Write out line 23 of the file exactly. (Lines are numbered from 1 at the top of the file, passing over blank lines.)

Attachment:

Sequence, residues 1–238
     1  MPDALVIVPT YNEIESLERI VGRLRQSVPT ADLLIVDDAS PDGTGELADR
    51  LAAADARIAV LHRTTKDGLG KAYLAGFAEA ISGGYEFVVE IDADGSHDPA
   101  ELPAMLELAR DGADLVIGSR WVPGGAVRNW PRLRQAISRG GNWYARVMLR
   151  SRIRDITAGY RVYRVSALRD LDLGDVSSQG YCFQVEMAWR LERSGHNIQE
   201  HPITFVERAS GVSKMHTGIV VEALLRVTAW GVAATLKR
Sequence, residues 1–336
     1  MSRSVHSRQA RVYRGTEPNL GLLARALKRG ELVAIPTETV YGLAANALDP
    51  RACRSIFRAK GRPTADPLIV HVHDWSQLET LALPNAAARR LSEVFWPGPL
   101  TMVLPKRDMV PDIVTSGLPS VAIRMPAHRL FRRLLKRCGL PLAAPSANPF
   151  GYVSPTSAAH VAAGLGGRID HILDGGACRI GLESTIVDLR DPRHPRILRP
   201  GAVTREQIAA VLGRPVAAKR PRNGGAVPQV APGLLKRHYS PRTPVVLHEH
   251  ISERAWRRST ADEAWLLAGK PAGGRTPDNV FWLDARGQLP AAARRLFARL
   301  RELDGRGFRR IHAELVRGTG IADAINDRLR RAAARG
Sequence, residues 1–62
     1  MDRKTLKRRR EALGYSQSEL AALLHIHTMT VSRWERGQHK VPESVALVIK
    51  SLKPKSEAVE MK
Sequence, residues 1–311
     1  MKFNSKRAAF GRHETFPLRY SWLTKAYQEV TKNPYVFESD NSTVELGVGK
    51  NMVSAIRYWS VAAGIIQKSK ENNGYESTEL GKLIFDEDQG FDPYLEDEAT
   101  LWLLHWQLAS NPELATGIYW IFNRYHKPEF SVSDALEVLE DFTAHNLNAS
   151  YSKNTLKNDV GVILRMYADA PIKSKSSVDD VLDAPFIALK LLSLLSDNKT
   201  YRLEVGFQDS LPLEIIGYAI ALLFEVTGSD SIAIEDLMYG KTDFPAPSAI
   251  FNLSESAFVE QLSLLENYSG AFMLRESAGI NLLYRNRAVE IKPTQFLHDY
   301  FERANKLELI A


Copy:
   201  YRLEVGFQDS LPLEIIGYAI ALLFEVTGSD SIAIEDLMYG KTDFPAPSAI